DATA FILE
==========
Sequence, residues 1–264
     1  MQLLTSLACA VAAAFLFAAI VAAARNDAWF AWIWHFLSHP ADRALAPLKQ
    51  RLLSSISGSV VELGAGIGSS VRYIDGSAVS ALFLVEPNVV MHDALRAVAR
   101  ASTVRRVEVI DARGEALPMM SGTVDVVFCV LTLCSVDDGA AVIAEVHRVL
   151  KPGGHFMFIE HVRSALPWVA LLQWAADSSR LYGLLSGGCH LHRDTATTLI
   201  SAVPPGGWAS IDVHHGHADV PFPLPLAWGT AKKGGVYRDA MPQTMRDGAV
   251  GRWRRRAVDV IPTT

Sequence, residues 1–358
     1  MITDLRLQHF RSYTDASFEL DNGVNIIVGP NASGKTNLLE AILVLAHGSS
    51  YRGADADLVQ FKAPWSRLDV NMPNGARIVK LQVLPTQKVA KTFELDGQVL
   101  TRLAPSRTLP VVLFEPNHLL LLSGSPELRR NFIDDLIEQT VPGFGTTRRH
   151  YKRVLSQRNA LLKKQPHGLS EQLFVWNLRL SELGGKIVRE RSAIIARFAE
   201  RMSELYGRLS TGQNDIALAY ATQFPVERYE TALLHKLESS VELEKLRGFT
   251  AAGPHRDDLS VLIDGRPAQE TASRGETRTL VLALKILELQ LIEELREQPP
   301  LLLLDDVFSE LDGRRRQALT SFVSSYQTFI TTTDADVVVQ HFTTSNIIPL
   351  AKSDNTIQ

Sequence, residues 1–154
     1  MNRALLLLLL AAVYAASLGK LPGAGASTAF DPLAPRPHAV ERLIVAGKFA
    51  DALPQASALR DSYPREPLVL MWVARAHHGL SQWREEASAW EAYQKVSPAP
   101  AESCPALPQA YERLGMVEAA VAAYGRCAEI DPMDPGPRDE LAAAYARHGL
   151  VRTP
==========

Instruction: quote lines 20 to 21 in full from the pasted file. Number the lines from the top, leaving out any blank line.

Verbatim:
   101  AESCPALPQA YERLGMVEAA VAAYGRCAEI DPMDPGPRDE LAAAYARHGL
   151  VRTP